For example, residents of the neighborhood in Vancouver where a Navigation Center is located said it took 7 months for their neighborhood to become unrecognizable. The most common complaints were people being harassed, urination and human defecation everywhere, and people using drugs in plain sight. 

The neighborhood around 12th and Dearborn has evolved to be known as a drug dealing location and “under the police radar” for high traffic of stolen items. The City has not communicated an adequate plan to sustain redevelopment projects in this segment of Aurora Ave, when facilities like Therapeutic Health Service for drug addicts and homeless shelter for drug addicts becomes the center of Shoreline City. This affects the long-term growth of Shoreline.

You can learn more about the project here and voice your opinion by writing to the Shoreline City Council on the proposal, or registering to speak in the council meeting (reference Action 9a) held each Monday.


9 comments:

Heavydee August 16, 2020 at 9:27 AM  

As 20 year residents of Shoreline we’ve attended MANY council meetings and have come to realize in matters like these EVERY TIME the decision has already been made. Citizen comments are ONLY for “appearances” that our voices matter. This homeless shelter will go through despite all the safety concerns of the neighborhood residents affected. When will common sense return to our city council and voices of the taxpaying citizens be heard? We fled Seattle 20 years ago. Is it time to flee Shoreline?

Yuanyuan August 16, 2020 at 12:27 PM  

I was shocked at this news. I have a 4 year old kid, this is really disturbing. I am so concerned about the safety of our kids.

Anonymous,  August 16, 2020 at 3:19 PM  

Ms. Jothiprakash, four members of the Shoreline City Council are up for election next year. I would love to see your name challenging one of them. You speak for me.

Anonymous,  August 17, 2020 at 4:26 PM  

"Do something about homelessness!"

(city and county create a facility to help homeless people)

"Not THAT!"

Unknown August 17, 2020 at 5:37 PM  

Re: Homelessness in Shoreline and proposed Homeless Shelter
Our family has lived ____ from Arden Rehab for over 12 years. I am a retired daycare teacher so I understand Ms. Pfeil's concern. I am so proud of Shoreline City's decision to support Hopelink near Aurora Ave. N. It has provided security, necessities, and safety for struggling families for many years and I expect that the same will be provided to homeless adults at the proposed King County Shelter. Shoreline citizens can become part of the SOLUTION of taking care of the less fortunate, rather than ASSUMING that they will be problematic based on tales from other cities. Let's rise above the adage: "Not in my backyard" and try:"You are worthy and deserving of help". In Shoreline I walk our numerous trails and encounter homeless people. They frequent business parking lots where I shop. I lived for 25 years one block from Paramount Park Natural Space where homeless people hung out. The police would give them bus money and tell them to "go somewhere else". But some neighbors planted extra vegetables in their gardens so the wandering homeless could share in the bounty. I stopped saying: "Get lost" and said instead: "What is your name? What is your story?". Let's offer shelter and safety within our community and work together to solve problems that arise rather than push those problems onto some other community. The City Council is right to seriously consider needed change. The homeless will stay on the streets, public spaces, or wander shopping centers - or will we allow them a place that is safe for them AND us?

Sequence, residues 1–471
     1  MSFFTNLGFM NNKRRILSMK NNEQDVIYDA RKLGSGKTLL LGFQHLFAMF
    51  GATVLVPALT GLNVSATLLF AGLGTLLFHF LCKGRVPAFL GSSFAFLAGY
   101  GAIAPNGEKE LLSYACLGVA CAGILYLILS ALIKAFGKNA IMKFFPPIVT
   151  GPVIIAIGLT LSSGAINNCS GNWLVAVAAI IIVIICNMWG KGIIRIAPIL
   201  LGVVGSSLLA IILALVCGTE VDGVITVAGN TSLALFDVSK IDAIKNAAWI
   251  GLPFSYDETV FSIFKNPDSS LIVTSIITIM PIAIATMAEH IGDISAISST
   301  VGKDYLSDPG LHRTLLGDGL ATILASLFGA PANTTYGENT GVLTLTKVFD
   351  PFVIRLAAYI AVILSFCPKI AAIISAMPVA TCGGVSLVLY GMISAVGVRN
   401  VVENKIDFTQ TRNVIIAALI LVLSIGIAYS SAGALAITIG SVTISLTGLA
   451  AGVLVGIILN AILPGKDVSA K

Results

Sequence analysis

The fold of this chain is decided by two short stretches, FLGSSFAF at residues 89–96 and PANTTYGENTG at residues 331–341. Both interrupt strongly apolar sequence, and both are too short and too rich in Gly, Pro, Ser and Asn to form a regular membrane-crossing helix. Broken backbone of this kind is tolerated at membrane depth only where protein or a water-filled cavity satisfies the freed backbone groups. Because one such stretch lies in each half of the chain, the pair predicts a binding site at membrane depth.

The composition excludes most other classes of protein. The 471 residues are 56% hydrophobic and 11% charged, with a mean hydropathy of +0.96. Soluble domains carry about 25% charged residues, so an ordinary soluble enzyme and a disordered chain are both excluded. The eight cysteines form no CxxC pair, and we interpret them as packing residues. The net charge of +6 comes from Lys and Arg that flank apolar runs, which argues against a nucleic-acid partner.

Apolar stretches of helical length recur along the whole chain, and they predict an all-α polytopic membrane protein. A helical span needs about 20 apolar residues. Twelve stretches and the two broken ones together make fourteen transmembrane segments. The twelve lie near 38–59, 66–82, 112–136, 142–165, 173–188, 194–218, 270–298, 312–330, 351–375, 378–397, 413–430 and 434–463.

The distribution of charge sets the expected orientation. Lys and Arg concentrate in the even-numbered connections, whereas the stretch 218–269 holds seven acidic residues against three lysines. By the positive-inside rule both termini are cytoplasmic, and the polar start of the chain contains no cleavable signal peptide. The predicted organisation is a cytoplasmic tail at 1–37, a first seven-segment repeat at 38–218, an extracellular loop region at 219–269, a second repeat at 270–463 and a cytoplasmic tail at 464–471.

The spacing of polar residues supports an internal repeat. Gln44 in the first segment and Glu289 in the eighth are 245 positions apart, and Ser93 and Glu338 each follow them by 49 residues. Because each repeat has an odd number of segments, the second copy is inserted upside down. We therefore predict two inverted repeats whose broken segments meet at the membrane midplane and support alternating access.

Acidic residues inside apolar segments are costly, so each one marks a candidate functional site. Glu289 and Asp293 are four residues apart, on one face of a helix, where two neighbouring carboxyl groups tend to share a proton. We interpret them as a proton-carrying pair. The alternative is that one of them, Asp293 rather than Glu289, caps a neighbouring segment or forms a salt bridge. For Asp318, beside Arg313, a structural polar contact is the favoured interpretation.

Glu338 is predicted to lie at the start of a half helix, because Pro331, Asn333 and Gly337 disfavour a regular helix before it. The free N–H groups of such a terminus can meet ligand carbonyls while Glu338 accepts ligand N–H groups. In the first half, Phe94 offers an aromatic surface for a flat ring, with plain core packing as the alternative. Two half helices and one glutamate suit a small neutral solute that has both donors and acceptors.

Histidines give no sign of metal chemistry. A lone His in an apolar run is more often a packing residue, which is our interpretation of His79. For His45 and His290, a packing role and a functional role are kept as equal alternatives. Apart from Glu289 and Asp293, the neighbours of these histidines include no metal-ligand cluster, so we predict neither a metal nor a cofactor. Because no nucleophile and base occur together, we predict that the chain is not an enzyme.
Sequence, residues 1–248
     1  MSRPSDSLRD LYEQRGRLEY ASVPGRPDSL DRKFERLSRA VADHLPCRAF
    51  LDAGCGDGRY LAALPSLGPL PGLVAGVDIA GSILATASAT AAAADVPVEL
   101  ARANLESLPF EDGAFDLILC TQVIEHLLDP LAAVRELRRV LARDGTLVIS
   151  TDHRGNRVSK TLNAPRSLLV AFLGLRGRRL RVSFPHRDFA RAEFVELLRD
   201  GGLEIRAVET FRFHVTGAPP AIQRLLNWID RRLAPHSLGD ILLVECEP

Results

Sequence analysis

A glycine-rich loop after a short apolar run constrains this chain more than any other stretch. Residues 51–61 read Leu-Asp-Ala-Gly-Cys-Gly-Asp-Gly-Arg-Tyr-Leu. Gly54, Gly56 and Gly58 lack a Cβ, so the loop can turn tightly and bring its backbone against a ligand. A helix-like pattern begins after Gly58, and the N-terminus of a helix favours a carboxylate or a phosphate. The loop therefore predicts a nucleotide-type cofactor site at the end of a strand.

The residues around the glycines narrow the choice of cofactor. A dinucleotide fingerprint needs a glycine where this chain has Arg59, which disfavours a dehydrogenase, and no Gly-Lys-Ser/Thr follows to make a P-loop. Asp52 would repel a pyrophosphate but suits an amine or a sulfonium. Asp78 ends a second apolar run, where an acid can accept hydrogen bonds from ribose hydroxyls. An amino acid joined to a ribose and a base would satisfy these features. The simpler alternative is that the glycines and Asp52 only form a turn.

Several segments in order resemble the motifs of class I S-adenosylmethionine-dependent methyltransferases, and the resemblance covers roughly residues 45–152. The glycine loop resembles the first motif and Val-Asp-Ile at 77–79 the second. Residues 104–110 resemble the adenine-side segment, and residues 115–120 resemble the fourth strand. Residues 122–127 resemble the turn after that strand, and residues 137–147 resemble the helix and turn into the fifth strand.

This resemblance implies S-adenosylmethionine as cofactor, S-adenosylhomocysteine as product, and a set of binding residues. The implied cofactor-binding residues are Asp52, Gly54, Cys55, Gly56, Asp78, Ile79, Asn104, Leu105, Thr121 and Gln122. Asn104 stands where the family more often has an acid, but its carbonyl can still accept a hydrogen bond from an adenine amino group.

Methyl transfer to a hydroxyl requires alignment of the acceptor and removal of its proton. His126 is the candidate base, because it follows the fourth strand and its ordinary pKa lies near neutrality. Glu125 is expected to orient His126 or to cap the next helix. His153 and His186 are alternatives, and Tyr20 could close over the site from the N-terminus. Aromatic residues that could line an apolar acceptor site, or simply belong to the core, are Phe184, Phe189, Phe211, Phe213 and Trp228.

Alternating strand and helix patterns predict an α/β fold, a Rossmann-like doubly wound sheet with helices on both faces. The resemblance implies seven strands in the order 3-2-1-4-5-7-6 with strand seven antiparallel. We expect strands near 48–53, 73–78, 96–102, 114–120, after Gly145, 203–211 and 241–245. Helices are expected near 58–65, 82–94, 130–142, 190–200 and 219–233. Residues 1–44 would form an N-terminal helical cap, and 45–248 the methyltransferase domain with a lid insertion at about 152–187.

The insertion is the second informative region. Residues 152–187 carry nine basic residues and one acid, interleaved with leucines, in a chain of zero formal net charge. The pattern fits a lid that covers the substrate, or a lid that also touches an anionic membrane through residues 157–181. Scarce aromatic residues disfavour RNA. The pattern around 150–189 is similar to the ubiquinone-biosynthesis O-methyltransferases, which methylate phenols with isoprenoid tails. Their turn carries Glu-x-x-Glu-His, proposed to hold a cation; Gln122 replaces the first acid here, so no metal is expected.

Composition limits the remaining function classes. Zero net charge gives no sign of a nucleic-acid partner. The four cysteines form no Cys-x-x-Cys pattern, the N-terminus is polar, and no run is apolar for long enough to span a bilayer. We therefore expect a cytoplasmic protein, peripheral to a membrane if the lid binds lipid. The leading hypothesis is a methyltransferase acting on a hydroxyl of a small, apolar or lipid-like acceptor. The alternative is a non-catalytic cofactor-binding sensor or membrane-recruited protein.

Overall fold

BB,  August 19, 2020 at 4:18 PM  

If this shelter operates under the same (lack of) rules as the other 2 shelters, ASSUMING the outcome will be different fits the classic definition of insanity. I would like to hear how lessons learned there will be applied to make results from this shelter better. I am listening ...

Concerned shoreline resident August 23, 2020 at 1:53 PM  

Most of us shoreline residents have worked hard to have a safe home and neighborhood Great job council put all of us in danger by taking in the people that don’t care about anyone or anything but where their going to get their next fix what house do they break into or who will they hurt. We are starting to look a lot light Seattle pretty sad and we pay higher taxes

Anonymous,  August 24, 2020 at 10:25 AM  

Im glad help is coming for these people that are thrown to the shadows of society and are no longer seen as human to the suburban masses. A lot of people focus on homeless people being the problem instead of seeing them as the actual human beings they are. Will there be issues? Yes, these people desperatly need help and support. We need to address homelessness in the light of day and not in the outskirts of society. Just because a person doesnt have a home doesnt make them more dangerous than a "composed" neighbor that can just as likely be doing drugs and worse.

Anonymous,  August 26, 2020 at 2:11 PM  

I know that Arden Hills served poor and disabled adults. I hope that this facilty when used for housing can target that demographic. We need to make sure this facilty is integrated into the community and not be a source of frustration.